Tuesday, April 30, 2019

Review: Blended

Blended Blended by Sharon M. Draper
My rating: 4 of 5 stars

Mom's week / Dad's week
Izzy / Isabella
Mixed / Black

11 year old Isabella has to switch homes (and identities) every week as she goes back and forth between her divorced parents' homes. She makes it work, they love here deeply, and so do each of their new partners, but as Isabella becomes more aware of the world around her, she sees that being blended isn't as simple as she once thought. Life is just different when she's with her white mom versus when she's with her black dad. Sometimes it feels like she's being torn in half, but when a catastrophic event happens, she soon realizes that blended doesn't have to mean divided.

Draper deals with mature and complicated themes through the innocent eyes of a young girl. A great way to launch some difficult conversations.

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Monday, April 22, 2019

Review: The Astonishing Color of After

The Astonishing Color of After The Astonishing Color of After by Emily X.R. Pan
My rating: 3 of 5 stars

After Leigh's mother dies by suicide, she and her father are left in the aftermath. As she drowns in her grief, Leigh is at last exposed to her Taiwanese ancestry, and through episodes of magical realism interspersed with memories of her mother, she at last is able to find her footing and begin healing on her own terms with the support of her family, her friends, and her art.

Pan's novel is a heart-wrenching exploration of grief and the toll that mental illness can take on a family.

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Thursday, April 11, 2019

Review: Cicada

Cicada Cicada by Shaun Tan
My rating: 4 of 5 stars

Tan's simple but thought-provoking picture book chronicles the life of a hardworking insect who toils each day in an office where he is unappreciated and bullied because he is different. A great title for classroom discussion.

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Monday, April 8, 2019

Review: Shout

Shout Shout by Laurie Halse Anderson
My rating: 4 of 5 stars

More than 20 years after the publication of Speak , Anderson continues to advocate for the voiceless and victimized. Through free-verse poetry, Anderson tells her powerful and courageous story. It's a story of consent, rape, pain, victimization, recovery, and activism. Her honest and gritty words speak truth to the cultural failures that are far too prevalent in our world. Anderson's story serves as a call to action for readers to stop ignoring the hate and violence we experience so often each and every day.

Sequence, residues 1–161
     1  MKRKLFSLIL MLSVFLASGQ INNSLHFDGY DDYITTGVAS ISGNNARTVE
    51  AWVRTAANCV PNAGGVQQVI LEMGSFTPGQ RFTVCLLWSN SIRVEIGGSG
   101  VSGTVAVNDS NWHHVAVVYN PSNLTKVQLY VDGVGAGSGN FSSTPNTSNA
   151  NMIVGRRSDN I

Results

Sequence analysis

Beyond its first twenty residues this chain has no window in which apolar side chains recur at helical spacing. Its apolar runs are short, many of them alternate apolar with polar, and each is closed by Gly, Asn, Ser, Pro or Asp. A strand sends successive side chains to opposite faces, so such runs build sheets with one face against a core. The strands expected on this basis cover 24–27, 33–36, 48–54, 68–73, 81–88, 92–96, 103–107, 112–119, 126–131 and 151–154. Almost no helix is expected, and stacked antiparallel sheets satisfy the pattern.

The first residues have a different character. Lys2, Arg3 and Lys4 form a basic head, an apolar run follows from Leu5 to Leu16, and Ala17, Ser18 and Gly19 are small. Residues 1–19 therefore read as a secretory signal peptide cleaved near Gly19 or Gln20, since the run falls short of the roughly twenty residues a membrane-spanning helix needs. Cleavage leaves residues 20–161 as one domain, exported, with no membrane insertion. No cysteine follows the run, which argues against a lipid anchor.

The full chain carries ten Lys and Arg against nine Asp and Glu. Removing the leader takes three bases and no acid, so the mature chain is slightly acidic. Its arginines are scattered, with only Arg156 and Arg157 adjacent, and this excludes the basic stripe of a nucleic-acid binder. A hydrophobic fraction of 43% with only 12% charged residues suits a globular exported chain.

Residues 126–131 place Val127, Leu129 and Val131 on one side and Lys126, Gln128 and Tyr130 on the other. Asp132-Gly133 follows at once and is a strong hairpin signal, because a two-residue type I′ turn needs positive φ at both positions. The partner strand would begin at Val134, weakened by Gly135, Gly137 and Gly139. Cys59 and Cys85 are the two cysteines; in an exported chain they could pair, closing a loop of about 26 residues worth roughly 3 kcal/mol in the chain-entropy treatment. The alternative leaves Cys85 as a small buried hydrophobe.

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Review: Time Bomb

Time Bomb Time Bomb by Joelle Charbonneau
My rating: 4 of 5 stars

Diana: The congressman's perfect daughter - smiles when she's supposed to, wears the right clothes, does the right things.

Rashid: The dutiful son and Muslim - trying to follow the rules, but wanting to be seen for who he is rather than the stereotypes his religion brings upon him.

Z: The orphaned and angry rebel - struggling to survive after cancer robbed him of his mother and rage has gotten the best of him.

Tad: The recently "out" football player - trying to come to terms with who he is in a world where not even his family understands.

Cas: The bullied new-girl - working to make everyone else happy at the cost of her own self-worth.

Frankie: The star quarterback with secrets - always expected to be a winner, out to please everyone who expects anything from him.

These six high schoolers have little to nothing in common, but as they set out on their individual missions for the last days of summer, they find themselves trapped in a burning and crumbling school that's been rocked by a series of bombs. Struggling to survive, each of their stories slowly unfolds as readers try to figure out who the bomber really is and what could motivate someone to take such drastic measures.

This is a coming-of-age story that we wish didn't have to be written, but unfortunately is far to common. Charbonneau tells an honest, emotional, tragic, and timely story.

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Review: There There

There There There There by Tommy Orange
My rating: 4 of 5 stars

Twelve stories - intertwined - chronicling a history of today's urban Indian. Each of these unique characters tells his/her story of coming of age as a native in Oakland, CA. Their lives collide at the big Oakland Powwow as their histories of abuse, addiction, suicide, and spirituality converge on one fateful day.

This is a powerful novel that exposes a segment of America that is seldom seen.

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Sunday, March 24, 2019

Review: The Parker Inheritance

The Parker Inheritance The Parker Inheritance by Varian Johnson
My rating: 4 of 5 stars

There's an unsolved mystery just waiting to be solved, and Candice Miller, along with her new friend Brandon, are the perfect people to do it!

When Candice finds a letter in an old book in her grandmother's attic in Lambert, South Carolina, she knows that it's a puzzle that her grandmother must have left just for her. What follows is a challenge that leads Candice and Brandon to uncover a dark history of Lambert, filled with hatred, heroes, shame, and love. The fortune that's promised in the letter will only be theirs if they can solve the clues laid out for them.

Readers will thoroughly enjoy the journey from past to present, and will be rooting for this 12-year-old duo of sleuths! A great middle-grade novel, but also a great read for all ages.

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